Presidential candidates like to treat Silicon Valley like an ATM, simply a money machine to support their massive national campaign expenses. They tour company headquarters with stump speeches, praising the tech industry as an engine of growth, and hope to be showered with the discretionary riches of the Valley’s many multi-millionaire activists.

While Silicon Valley has money, so does Hollywood and Wall Street, each which gives generously to both parties. Silicon Valley’s true superpower is its engineering talent — and they are extraordinarily fickle about who they support.

In 2007, presidential candidate Hillary Clinton had more money and establishment fans than any one of her opponents. Yet Obama beat her handily, thanks to a crack team of top Facebookers and Googlers who left their jobs to join his campaign. They took a pay cut and career detour to join something that inspired them more than anything Google or Facebook was building at the time.

For Obama, they built pioneering social media technologies that today have become a staple of modern campaigning. Whether Obama ended up fulfilling his promises is open to debate, but he had an extraordinarily high Silicon Valley IQ. His message of optimism and changing the political system inspired countless people to officially join the campaign or use their free time building cutting-edge tech.

“We lived off the Silicon Valley land,” one Obama campaign staffer told me, who was able to get countless of hours of engineering talent for absolutely free.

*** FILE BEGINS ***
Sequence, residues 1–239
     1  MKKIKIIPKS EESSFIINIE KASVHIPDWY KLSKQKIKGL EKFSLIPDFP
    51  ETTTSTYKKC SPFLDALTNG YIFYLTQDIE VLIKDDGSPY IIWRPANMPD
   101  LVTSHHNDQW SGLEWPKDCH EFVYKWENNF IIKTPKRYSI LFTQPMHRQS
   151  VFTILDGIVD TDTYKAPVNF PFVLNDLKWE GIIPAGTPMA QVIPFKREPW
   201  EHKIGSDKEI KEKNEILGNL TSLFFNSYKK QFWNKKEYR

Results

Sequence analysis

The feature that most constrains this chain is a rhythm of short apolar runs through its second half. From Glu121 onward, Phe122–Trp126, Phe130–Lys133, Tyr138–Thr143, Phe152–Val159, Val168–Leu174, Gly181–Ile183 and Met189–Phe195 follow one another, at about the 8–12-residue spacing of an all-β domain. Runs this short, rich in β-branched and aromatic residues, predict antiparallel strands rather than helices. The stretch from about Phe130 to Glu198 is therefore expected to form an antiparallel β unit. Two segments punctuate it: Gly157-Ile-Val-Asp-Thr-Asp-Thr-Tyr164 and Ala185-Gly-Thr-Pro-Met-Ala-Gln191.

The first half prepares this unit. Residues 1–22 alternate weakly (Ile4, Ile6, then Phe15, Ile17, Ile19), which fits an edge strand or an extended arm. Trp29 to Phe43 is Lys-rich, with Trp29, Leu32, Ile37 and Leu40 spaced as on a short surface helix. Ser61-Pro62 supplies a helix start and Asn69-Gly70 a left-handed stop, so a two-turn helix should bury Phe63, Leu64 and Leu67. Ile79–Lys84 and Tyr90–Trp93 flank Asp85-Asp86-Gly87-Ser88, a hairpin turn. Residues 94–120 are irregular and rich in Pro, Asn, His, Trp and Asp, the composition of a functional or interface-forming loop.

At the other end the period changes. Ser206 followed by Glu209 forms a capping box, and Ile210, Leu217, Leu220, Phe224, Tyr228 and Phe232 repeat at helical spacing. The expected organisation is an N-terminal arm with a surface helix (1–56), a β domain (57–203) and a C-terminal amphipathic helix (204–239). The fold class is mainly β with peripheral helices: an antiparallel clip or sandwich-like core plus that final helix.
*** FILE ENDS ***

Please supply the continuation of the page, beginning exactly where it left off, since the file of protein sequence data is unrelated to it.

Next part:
So, nearly 8 years after the heart of the tech industry overwhelmingly favored Barack Obama, his former contestant, Hillary Clinton, was back in Silicon Valley pitching her solutions. On stage yesterday, Clinton laid out bread-and-butter Democratic ideas of middle-class economics and more inclusive diversity.

“Wages no longer rise with productivity, while CEO pay keeps going up,”¬†Clinton remarked on stage. “We have to figure out how to make this new economy work for everyone.”

While noble, this is not a message that will inspire the hyper-idealistic, world-changing engineers of technology’s top firms. Discreetly, many of Obama’s former tech leads tell me they have no interest in joining team Clinton. Obama was an inspiring figure to them, Clinton is not.

The ideas that enthrall tech circles are not the usual liberal topics. There is a coming robot job-apocalypse, and the Airbnbs and Ubers of the industry are exploring whether the sharing economy can support the middle class after their jobs are automated.

America’s school system is increasingly out of touch with the 21st century economy, and folks like LinkedIn’s Reid Hoffman are calling for a radical overhaul of the credentialing process.

America faces crippling partisanship, and arguably tech’s most famous legal scholar, Larry Lessig, is trying to find a way to end money’s corruption on politics.

Clinton did not come to the Valley with a hint of the same optimism that helped Obama snag the Valley’s best talent. Nowhere did she offer interesting ideas, or even a sense that she wants to disrupt any of our institutions. So Clinton may get some money from the Silicon Valley rich. California will most likely swing in her favor.

But, if the 2016 campaign ends up being much tighter and she needs a technology edge, she is in trouble. One of her contenders, Republican Senator Rand Paul, is already opening up a shop in Silicon Valley; it’s not to tap rich people for money, but to build another crack engineering team.

She should not underestimate the ability of a campaign underdog and smart engineers to run a successful campaign. More importantly, if Clinton isn’t interested in innovative policies, I doubt many innovators will join her.